Thursday, April 24, 2008


A couple of weeks ago I had the privilege to be invited to the Arizona Gang Investigators Association's first annual conference in Phoenix. I was invited to sell copies of my book - The Mexican Mafia, The Story. It was a wonderful conference with over 400 people in attendance; real good for the first one. Everything was first class, from the speakers to the food service. While sitting in the lobby, I could not help but reflect on my early days at the conferences we put on. There were a few major changes that have taken place over the years. For instance, several women investigators attended this conference. We had none. I also could not help seeing several of the investigators entering and exiting the conference room while answering their cell phones, again we had none.

We of course did not have these new contraptions. Our "cell phones" consisted of the old 4 pound radio we used on surveillances so as not to tie-up the unit radio that was being used for regular police functions. Of course we did not have computers, or the micro tape recorders now used by many investigators. We relied upon the old clumsy reel to reel to record during some of our interviews.

It was also good to see so many "youngsters" in the group. They remind me of "sponges". (This is ment as a compliment, not as being disparaging.). Everyone has to start somewhere, and it is important to know, as my dear friend Robert Marquez so eloquently said, "Nothing is absolute." I interpret this to mean: check out and recheck the sources of the information given to you ... even then it may not prove to be perfectly true.

The bottom line is that the training presented today is up to date, with some of the generational info included to give the new "Pepsi generation" a look into the past, for without the past, one cannot determine the future. ...Moco

Monday, April 21, 2008


The date of his death should read April 2005. Torrez (A74921) was stomped to death by fellow eMe members at Florence-ADX Max for allegedly encroaching on other members turf and lingering problems in the Victor Murillo homicide.

Friday, April 18, 2008


It was a rather hot and smoggy day in the City of Monterey Park in July of 1972. The temperature was close to 89 degrees. Joe Delia was out on patrol duty when he spotted what appeared to him as a possible drug addict walking along one of the residential streets within the city. Joe Delia was an expert at catching intravenous drug users. He got so good that he even beat the PhD who wrote the book that most defense lawyers used to dis-credit officers in court on being an "expert" on the use of drugs.

One of the reasons this person was suspicious to Officer Delia was that on this hot day, this person was wearing a heavy trench coat. An earlier court ruling said that an officer could no longer have a person stopped for investigative purposes and order the person to roll up his sleeves to be inspected for illegal drug use.

As Joe was in the process of a "pat-down" to insure that the person did not possess any weapons, Joe felt a soft bulge under the person’s shirt. Joe thinking that this was the man's stash of narcotics started pulling at the bulge. The man shouted at Joe that this was not his stash. At that very time, the bulge was yanked out. To Joe's surprise, it was the man's colostomy bag and it was full. Joe not only got most of it on him but also on the man he took it from. Needless to say, the man was not arrested, but Joe had to go home and change uniforms.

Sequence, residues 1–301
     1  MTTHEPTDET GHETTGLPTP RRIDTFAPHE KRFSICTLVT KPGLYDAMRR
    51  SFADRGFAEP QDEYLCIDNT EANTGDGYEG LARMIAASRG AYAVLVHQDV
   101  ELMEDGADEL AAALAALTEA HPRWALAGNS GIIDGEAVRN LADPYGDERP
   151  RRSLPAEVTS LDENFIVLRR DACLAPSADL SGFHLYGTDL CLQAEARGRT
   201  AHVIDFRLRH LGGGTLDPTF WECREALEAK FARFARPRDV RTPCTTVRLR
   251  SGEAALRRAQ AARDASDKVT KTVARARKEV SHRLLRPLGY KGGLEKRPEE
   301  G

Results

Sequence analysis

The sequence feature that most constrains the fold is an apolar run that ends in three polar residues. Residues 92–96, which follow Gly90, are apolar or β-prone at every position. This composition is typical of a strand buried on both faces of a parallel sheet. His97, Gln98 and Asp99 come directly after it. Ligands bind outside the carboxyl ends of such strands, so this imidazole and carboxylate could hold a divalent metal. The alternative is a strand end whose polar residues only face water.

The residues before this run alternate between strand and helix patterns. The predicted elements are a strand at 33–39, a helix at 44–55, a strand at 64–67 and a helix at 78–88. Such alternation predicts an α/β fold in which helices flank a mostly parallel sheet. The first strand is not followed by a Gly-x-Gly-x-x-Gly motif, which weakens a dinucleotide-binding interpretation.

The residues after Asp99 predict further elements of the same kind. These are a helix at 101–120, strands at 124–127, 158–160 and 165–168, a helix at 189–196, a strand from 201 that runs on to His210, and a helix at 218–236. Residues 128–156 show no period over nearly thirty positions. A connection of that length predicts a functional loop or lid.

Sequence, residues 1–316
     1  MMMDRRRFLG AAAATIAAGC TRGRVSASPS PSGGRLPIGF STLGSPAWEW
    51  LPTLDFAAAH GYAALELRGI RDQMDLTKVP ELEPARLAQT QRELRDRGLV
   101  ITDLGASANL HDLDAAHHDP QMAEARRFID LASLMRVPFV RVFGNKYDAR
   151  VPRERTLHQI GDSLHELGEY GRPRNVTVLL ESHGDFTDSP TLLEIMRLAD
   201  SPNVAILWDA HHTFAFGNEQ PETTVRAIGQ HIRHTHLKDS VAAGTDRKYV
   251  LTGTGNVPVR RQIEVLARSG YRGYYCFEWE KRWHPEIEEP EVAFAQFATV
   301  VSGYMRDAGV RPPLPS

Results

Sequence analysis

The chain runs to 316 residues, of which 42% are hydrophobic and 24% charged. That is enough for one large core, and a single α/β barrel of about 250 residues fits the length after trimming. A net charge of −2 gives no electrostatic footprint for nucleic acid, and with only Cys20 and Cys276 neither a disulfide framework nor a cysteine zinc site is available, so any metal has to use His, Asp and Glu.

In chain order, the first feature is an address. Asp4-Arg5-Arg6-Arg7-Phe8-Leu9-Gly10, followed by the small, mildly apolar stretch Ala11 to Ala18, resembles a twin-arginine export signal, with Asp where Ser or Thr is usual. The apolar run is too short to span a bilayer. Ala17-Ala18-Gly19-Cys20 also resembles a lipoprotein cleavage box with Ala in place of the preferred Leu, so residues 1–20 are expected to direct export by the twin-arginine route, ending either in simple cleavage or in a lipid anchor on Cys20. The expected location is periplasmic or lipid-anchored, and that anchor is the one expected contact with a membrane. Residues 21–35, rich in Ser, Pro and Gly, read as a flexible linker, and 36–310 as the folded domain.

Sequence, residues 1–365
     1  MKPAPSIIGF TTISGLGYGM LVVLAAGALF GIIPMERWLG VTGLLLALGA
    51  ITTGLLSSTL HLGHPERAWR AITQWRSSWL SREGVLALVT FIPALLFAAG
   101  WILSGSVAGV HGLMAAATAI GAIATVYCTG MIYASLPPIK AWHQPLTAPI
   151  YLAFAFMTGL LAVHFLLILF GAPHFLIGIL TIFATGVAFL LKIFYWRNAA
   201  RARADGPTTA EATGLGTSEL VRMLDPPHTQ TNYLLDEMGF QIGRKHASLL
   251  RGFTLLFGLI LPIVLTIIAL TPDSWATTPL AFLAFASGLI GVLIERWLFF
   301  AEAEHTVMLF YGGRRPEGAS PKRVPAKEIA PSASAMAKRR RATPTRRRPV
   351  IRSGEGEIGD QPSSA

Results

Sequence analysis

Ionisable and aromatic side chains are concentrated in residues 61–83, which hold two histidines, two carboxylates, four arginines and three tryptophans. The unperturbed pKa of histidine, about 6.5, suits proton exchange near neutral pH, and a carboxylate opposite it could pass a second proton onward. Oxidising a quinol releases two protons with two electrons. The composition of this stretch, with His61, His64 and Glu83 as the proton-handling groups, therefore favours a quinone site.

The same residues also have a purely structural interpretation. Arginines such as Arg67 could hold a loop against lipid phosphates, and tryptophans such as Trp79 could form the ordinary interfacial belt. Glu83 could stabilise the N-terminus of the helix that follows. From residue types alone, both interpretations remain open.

Tuesday, April 1, 2008


At the prodding of my dear friend, COP Jon Elder, I am writing about an extra ordinary person. Yes, this person had been a murderer and yes, he had also been a member of the Mexican Mafia. He like a few men that had enough of the madness of the organization, decided to come over to our side to fight the very group that they swore an oath to behold. They obviously could not become members of law enforcement, but they helped put away several members of the Mexican Mafia legally. (Either testifying in court or giving us the needed information to turn others that came to our side)."Mundi" had a "persona" about him that made you want to believe his sincerity when talking to him. He was straight forward in answering the questions, and if he made a mistake, he would later bring it to our attention. We, at the Prison Gang Task Force (PGTF) had an occasion to take him to eat or drink, (he was of course on parole, but as far as I knew he did not have the 1 B condition (no drinking) attached to his sentence.

Several of us PGTF members had an opportunity to be alone with Mundi and had the benefit of de-briefing him on a one on one interview. He was very sharp when it came down to dates and who was involved in certain crimes.

As a cop, I cannot call him a friend, but an ally in the fight against the Mexican Mafia. Whenever he got lonely, he would either call us or just drop in at the trailer operation. One day after being placed into the Federal Witness program, he decided to leave that area, and came back to Monterey Park to one of the watering holes that he was familiar with, Agostino's Restaurant.

He did this all because he missed being around his new found police "buddies" and had no one else to talk to.

We let him hang around and drink for a couple of hours and then got in touch with the Federal Marshall's office. They blew a gasket when they found out about Mundi's shenanigans. He was indeed, a very interesting eMe killer.

Mundi later ended up in Arizona, where he helped out a dear cop friend of mine, (Frank "Paco" Marcell) that also has some interesting stories to tell.

I waited until after he died to tell this story for obvious reasons. May He Rest In Peace.